After months of being your baby’s only mode of transportation, you’re probably keen for him to get moving by himself. One of the most amazing things about having a baby is being able to watch and share in his excitement as he masters new skills. Crawling is a milestone that will allow your baby to better explore his world. It is his first step towards independence and a reminder of how quickly time passes. Crawling will help him to develop the skills necessary for walking. It will also help him on his quest for mischief, but don’t worry too much about that.
Most babies learn to crawl between the ages of seven and 10 months old. Some babies learn sooner, however, and for others it can take a little longer. Some babies skip the crawling stage altogether, opting instead for a maverick move like the bum shuffle to help them get around at baby group.Here are five ways to encourage crawling:
- Tummy time
To be able to crawl, your baby needs muscle control and strength. He needs to be able to raise himself up, move his legs and use his tummy muscles. Tummy time is important for helping him to develop the necessary muscle strength for crawling. Make supervised tummy time a part of your daily routine to make sure he has lots of opportunities to build up these muscles and learn how to use them.
To perfect his crawling skills, your baby needs plenty of opportunities to practice moving around. This means he needs freedom to move, explore and play as much as possible. Spending time in strollers, bouncy chairs and highchairs limit the time babies have to learn valuable skills such as crawling. Of course, some time spent in these things is unavoidable, but do make an effort to provide your baby with plenty of opportunities for floor play throughout the day.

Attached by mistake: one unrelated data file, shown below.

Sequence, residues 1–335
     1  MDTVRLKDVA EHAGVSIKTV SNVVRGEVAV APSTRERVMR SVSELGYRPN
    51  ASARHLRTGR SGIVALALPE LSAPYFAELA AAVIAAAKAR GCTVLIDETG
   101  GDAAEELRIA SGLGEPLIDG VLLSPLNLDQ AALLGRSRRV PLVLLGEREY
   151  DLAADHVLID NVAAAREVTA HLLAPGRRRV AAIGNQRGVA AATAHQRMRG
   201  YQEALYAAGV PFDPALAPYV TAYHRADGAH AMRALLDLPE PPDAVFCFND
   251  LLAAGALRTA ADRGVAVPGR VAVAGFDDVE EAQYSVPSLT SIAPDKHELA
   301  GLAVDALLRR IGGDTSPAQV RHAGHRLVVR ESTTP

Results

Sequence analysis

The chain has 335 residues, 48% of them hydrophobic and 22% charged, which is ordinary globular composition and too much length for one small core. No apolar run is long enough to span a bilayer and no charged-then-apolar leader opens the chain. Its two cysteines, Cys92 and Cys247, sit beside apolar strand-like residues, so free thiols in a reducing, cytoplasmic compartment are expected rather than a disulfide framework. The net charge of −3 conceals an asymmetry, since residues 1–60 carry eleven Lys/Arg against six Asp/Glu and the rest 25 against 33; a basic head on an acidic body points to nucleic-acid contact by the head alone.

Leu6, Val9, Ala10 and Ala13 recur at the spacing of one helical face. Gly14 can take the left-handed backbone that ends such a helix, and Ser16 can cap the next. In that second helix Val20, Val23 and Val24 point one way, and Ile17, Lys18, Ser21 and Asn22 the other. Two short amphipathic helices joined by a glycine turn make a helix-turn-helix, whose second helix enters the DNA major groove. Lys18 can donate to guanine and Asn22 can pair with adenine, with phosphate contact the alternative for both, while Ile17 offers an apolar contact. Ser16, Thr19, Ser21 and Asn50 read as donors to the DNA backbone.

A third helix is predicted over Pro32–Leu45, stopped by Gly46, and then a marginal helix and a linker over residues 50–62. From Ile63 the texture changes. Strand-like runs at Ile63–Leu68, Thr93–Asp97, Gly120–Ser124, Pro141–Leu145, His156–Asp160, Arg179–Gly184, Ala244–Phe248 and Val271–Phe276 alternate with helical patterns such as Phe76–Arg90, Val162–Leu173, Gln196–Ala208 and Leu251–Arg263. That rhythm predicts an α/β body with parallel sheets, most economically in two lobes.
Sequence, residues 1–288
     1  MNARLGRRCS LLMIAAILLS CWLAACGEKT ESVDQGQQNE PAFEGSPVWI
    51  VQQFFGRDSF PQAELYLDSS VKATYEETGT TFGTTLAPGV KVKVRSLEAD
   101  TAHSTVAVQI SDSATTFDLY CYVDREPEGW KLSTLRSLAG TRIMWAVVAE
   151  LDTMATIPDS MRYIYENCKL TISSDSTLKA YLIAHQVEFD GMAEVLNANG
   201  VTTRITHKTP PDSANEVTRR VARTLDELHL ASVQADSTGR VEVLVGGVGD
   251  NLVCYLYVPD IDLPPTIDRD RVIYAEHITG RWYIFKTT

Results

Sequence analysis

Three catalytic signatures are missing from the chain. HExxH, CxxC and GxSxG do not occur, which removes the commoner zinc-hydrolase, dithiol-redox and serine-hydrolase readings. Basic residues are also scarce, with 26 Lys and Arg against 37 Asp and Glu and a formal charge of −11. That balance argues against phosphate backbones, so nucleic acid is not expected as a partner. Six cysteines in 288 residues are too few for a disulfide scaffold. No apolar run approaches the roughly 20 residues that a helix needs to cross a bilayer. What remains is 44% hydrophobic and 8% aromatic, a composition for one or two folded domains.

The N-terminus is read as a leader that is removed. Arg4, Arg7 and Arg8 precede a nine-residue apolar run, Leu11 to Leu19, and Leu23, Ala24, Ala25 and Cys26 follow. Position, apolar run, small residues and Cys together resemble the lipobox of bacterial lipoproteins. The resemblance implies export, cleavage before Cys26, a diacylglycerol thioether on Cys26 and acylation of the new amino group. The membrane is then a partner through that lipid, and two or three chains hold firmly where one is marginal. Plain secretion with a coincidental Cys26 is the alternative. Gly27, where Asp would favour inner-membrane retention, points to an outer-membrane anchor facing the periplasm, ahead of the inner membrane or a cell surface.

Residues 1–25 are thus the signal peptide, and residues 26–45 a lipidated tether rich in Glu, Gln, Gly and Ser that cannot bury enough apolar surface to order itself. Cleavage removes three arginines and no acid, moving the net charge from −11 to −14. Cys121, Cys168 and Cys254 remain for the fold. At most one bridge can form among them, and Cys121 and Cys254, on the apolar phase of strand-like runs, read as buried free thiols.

Children and babies learn best through play. You can encourage your baby to crawl by making it a game. Placing exciting looking toys slightly out of reach might tempt your baby to try and reach for them. Babies love to explore so leave the toys in sight but leave your baby to discover it for himself if he can. To begin with, place the toys just out of reach, but as your baby gets better at reaching them, move them further away.
Babies are easily spooked, so you need to make sure his crawling practice arena (aka your living room) is a safe environment for him. Avoid banged heads, trapped fingers and falling objects by baby-proofing the room long before he learns to crawl. Get down on your hands and knees and crawl around the room to identify potential dangers for crawling infants.
Your baby will master crawling in his own time. The above suggestions will provide him with ample opportunity to practice the skills needed for crawling, but it’ll still be up to him when he finally does it. Help your baby build his confidence by remaining cool, calm and collected while he’s trying to crawl. If you feel stressed, he could pick up on that. You don’t need a strict, regimented schedule of crawling lessons, just plenty of time and space to explore.
Has your baby started crawling?
Written by Fiona (@Fiona_Peacock), mother, writer and lover of all things baby related.
This information is not intended to replace the advice of a trained medical doctor. Health & Parenting Ltd disclaims any liability for the decisions you make based on this information, which is provided to you on a general information basis only and not as a substitute for personalized medical advice. All contents copyright © Health & Parenting Ltd 2016. All rights reserved.